Shaun Donovan, the Secretary of Housing and Urban Development, made some news today at the US Conference of Mayors, by saying that a foreclosure fraud settlement was imminent and that it would include principal write-downs for up to one million borrowers.

About one million American homeowners would get writedowns in the size of their mortgages under a proposed deal with banks over shady foreclosure practices, Housing and Urban Development Secretary Shaun Donovan said on Wednesday.

The deal, which could be struck within weeks, would mark the largest cut in the mortgage load since the start of the credit crisis in 2007 and could pressure the government-sponsored mortgage agencies to also reduce principal on underwater home loans.

“We’re very close to a settlement that would both fix the servicing problems, but also help over a million families around the country stay in their homes and get help,” Donovan said at a U.S. Conference of Mayors meeting in Washington.

A couple things here. First of all, there is $750 billion in negative equity in America, and the most expansive number I’ve seen for this settlement is $25 billion, or 3.3% of that. And all of that would not go to negative equity: there is reportedly money in the pipeline for wrongful foreclosures, legal aid, and penalty payments to states and the federal government. Further, there are 10.7 million properties in negative equity, and this alleged deal would help less than 10% of them.

Let’s for the sake of argument say that $20 billion will go to principal write-downs. Donovan is talking about 1 million borrowers getting help. That’s roughly $20,000 per borrower. It’s hard to figure out the average negative equity, but here’s a stab from CoreLogic:

Some interesting data on borrowers with and without home equity loans from CoreLogic: “Of the 10.7 million borrowers in negative equity, there are 6.3 million first liens without home equity loans that have an average mortgage balance of $222,000. They are underwater by an average of $52,000 which equates to an average LTV ratio of 131 percent. The negative equity share for the first lien-only borrowers was 18 percent, and 40 percent had an LTV of 80 percent or higher.

The remaining 4.4 million negative equity borrowers hold first liens and home equity loans with an average mortgage balance of $309,000. These borrowers are underwater by an average of $84,000 and have an average LTV of 137 percent.”

So a $20,000 write-down would be helpful, but on average would not get anyone back even half of the negative equity in their homes.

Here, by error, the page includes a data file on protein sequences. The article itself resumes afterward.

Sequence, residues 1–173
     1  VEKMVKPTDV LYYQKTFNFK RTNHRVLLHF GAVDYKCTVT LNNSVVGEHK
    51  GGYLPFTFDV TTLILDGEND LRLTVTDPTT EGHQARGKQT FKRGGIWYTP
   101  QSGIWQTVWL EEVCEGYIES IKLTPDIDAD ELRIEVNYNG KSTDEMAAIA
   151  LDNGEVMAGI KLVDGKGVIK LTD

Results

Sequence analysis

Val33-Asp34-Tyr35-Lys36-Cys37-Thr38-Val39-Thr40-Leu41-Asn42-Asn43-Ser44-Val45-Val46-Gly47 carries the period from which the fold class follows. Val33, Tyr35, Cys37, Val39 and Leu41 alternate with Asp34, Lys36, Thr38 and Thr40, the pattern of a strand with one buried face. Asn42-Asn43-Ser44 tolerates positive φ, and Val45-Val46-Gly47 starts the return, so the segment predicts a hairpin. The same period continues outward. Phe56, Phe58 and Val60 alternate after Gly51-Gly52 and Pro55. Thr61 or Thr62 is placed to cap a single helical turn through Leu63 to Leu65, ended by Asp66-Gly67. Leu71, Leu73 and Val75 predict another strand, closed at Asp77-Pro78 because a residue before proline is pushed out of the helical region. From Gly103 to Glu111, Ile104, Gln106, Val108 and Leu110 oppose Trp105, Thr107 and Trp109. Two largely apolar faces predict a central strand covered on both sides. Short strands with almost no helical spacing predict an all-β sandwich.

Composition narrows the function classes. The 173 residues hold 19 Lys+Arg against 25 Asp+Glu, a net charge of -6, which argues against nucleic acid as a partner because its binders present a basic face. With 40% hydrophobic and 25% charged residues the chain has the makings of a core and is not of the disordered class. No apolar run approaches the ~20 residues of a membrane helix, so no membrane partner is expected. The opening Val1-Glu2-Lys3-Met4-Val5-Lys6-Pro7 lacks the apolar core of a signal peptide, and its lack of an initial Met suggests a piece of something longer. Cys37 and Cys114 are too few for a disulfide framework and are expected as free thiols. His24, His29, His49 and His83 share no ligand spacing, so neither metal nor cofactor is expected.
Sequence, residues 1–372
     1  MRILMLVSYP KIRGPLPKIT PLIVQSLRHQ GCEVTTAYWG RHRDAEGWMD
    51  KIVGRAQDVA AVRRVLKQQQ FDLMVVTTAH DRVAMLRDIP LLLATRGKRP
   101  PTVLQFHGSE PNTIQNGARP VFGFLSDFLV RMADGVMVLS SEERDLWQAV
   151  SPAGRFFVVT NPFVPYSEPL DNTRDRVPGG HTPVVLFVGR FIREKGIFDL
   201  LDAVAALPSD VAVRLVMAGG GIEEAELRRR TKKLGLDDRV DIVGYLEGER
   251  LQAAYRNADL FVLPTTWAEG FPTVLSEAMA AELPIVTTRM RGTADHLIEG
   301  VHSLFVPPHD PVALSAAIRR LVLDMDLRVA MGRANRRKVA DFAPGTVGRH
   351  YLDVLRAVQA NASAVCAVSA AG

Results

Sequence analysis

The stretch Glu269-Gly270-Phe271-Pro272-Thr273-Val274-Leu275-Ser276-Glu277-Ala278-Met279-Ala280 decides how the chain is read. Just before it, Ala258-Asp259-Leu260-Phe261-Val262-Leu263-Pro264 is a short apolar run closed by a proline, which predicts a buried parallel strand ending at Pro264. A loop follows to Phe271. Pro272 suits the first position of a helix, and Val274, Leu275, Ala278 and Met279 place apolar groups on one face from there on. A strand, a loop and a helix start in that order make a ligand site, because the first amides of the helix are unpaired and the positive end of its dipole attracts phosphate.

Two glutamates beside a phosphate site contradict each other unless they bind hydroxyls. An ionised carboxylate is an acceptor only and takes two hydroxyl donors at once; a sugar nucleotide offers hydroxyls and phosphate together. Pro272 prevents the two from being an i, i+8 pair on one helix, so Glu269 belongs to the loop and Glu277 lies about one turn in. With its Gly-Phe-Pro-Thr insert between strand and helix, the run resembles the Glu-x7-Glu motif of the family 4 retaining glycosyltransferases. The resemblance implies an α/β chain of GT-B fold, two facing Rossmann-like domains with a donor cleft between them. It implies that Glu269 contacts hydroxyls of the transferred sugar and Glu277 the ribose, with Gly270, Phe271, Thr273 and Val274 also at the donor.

At this point I should say that Shaun Donovan has been predicting an “imminent” foreclosure fraud settlement for several months. Here he is from December. And here he is trying to get Eric Schneiderman to go along back in August. To Donovan, a deal is always right around the corner. He’s cried wolf enough that we should not accept these claims at face value. The settlement has missed at least a half-dozen deadlines, and is perpetually weeks away.

A better possibility would come from Fannie Mae and Freddie Mac willingly offering principal reductions on loans it owns, which would require no settlement at all. House Democrats want to subpoena Ed DeMarco to answer questions on principal reductions:

FHFA Acting Director Edward DeMarco has long defended the agency’s policy of keeping Fannie and Freddie mortgage servicers from writing down principal. Allowing such an option would only forge more losses for the government-sponsored enterprises who already owe the Treasury Department roughly $151 billion in bailouts, he and both CEOs at Fannie and Freddie concluded [...]

In a November committee hearing, DeMarco said he would provide the lawmakers documents and analysis used for determining the principal reduction policy.

But despite numerous requests since, DeMarco has not sent the materials. Reps. Elijah Cummings, D-Md., and John Tierney, D-Mass., sent a letter to committee Chair Darrell Issa, R-Calif., Wednesday asking him to subpoena the agency.

“While Mr. DeMarco has failed to provide supporting documents demonstrating why a principal reduction program is not in the best interest of taxpayers, economists are increasingly announcing their support for such a program,” Cummings and Tierney wrote.

Heck, the Federal Reserve supported principal reductions in a recent white paper. You don’t need to indemnify banks for crimes they committed to get some policymakers in a position to make decisions to agree that principal write-downs would not only be beneficial for the economy, but a better deal for mortgage investors and lenders in the long run, rather than another surge of foreclosures.

More on the Donovan speech from the Wall Street Journal, who adds a new wrinkle, that regional banks have been included in the settlement talks. US Bancorp, for example, announced that they set aside money for a settlement in a recent financial statement. PNC Financial, SunTrust Bank and HSBC are also involved.

I’ll have to see an actual settlement at this point before I believe one is truly coming. The fact that over a dozen Attorneys General met recently in Washington to plot out an alternative suggests to me that nothing is happening at a national level.